Army tests medical apps for smartphones and tablets

OCTOBER 28, 2021 – Recently, the US Army Medical Test and Evaluation Activity (USAMTEAC) in collaboration with the United States Army Medical Materiel Development Activity (USAMMDA) had the opportunity to test two medical devices using the latest smartphone technology . Using applications and technologies for mobile devices, the USAMTEAC team tested a decision support tool for thermal stress (HSDA) and mental acuity, as well as four portable devices. ultrasound (USFP) different.

If adopted, these systems bring portability, ease of use and reduced maintenance requirements in a compact size to deployed military medicine. USAMTEAC used subject-matter test players who provided critical practical assessments in a simulated real-world scenario at two different locations in Camp Bullis, TX.

The HSDA is a mobile operational planning application designed to be easily installed and accessed on any portable mobile device. This app allows unit commanders to perform real-time heat injury risk assessments based on environmental factors, activity levels and individual clothing factors based on algorithms derived from Technical Bulletin 507 HSDA incorporates an output display that provides operational planners with core temperature estimates and calculates recommended safe working times, water requirements and the risk of heat damage.

The app calculates the probabilities of heat injury and illness for training and deployment operations. Designed for infantry units and mission planners, the HSDA combines advanced laboratory models and the six-cylinder thermal model to predict the risk of heat illness / injury in soldier populations. The HSDA diagram represents a functional view of the data flow that generates basic body and sweat rate outputs from four categories of inputs derived from end users.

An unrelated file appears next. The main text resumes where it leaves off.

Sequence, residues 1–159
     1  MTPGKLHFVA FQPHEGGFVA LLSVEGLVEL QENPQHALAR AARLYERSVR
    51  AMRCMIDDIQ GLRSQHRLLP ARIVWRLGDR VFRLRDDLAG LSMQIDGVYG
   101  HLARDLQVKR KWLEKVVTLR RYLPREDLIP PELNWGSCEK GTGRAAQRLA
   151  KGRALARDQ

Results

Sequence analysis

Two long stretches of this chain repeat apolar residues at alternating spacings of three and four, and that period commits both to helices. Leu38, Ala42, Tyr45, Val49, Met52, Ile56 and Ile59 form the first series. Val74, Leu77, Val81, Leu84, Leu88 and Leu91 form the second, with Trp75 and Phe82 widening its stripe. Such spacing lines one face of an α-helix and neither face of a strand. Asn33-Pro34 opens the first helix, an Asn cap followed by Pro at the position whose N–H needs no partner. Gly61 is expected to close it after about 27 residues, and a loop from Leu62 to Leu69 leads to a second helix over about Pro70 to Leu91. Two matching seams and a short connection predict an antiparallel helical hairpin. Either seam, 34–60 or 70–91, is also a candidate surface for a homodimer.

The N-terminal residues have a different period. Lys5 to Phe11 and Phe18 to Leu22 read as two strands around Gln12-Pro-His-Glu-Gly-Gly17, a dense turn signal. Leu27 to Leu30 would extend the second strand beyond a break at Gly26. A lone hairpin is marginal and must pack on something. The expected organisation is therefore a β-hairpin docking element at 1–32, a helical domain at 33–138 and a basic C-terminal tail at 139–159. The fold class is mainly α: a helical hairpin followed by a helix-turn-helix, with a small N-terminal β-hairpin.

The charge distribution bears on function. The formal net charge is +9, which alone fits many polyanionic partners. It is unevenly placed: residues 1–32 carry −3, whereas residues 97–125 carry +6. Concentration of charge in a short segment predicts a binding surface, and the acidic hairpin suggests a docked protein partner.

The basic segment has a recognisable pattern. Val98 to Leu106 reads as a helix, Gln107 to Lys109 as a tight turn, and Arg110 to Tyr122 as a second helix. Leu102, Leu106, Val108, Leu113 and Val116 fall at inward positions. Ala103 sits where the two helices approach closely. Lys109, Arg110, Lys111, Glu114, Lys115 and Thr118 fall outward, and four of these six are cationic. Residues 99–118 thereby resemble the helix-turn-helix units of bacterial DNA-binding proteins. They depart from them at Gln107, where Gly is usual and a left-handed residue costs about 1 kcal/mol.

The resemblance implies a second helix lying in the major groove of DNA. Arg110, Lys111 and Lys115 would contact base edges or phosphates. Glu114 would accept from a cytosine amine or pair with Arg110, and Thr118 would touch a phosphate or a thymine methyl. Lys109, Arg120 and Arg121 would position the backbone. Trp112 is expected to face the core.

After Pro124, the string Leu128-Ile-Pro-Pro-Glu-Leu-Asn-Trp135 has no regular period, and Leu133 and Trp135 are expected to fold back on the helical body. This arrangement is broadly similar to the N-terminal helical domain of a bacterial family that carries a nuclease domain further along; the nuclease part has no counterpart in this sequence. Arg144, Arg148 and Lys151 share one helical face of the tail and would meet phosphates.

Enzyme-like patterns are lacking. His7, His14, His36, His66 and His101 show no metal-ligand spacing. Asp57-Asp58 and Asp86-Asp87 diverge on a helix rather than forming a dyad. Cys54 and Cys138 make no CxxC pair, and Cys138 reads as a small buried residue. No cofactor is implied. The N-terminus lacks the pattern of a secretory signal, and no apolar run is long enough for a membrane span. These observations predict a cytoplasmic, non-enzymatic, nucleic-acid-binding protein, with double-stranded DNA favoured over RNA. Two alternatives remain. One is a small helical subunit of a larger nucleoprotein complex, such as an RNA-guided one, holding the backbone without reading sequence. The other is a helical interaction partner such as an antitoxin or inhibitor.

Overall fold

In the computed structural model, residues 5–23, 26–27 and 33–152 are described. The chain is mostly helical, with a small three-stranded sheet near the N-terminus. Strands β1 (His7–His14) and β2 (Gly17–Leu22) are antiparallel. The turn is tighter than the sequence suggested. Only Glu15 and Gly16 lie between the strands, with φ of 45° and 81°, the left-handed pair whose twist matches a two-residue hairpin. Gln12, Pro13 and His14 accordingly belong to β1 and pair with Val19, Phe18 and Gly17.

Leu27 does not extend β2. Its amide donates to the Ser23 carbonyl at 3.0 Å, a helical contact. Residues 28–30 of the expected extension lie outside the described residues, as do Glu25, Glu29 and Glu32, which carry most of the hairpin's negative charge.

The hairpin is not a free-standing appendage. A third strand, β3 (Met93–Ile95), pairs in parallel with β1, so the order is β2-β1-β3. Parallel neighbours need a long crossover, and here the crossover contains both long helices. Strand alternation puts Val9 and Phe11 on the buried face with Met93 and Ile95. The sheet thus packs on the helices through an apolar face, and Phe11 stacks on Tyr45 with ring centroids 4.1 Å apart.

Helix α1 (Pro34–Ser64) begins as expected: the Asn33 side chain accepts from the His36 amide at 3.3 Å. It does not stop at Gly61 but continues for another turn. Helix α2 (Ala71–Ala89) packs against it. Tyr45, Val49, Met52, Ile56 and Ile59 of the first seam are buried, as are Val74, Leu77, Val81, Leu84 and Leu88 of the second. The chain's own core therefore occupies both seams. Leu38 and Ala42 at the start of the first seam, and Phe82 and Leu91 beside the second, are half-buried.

The USFP is a new requirement designed to fill a capability gap for the tactical combat medical care provider’s medical equipment set. This test assessed the operational effectiveness and suitability of the USFP to aid in an acquisition decision.

The USFP is a rapid, non-invasive diagnostic imaging device for viewing or excluding injuries (eg, internal bleeding, collapsed lung, musculoskeletal injuries). This device will bring diagnostic imaging to Role 1 in the Battalion Aid Station (BAS) and Area / Brigade Role 2 Support Treatment Platoon to enhance the caregiver’s ability to sort out life-threatening injuries and prioritizing emergency evacuations, as well as diagnosing less serious injuries, providing on-site treatment and promoting return to work in extended care scenarios in the field.

During the test there were four different USFP devices. Test players with a variety of specialized backgrounds performed targeted assessments on high-fidelity ghosts and volunteer participants live with the USFP and used a tablet and mobile phone to view the ultrasound images.

“This one is pretty impressive,” said Lt. Col. Brett Gendron, 65D emergency medicine assistant at Brooke Army Medical Center, describing the USFP. “They all bring something to the table, and this one, I think, was the easiest to use. Portability is paramount, not requiring a large system requiring logistical support.

After testing, USAMTEAC prepares a detailed report for a decision-making authority to review possible procurement and commissioning. To learn more about USAMTEAC, visit their website at

By Jose Rodriguez, MEDCoE Public Affairs

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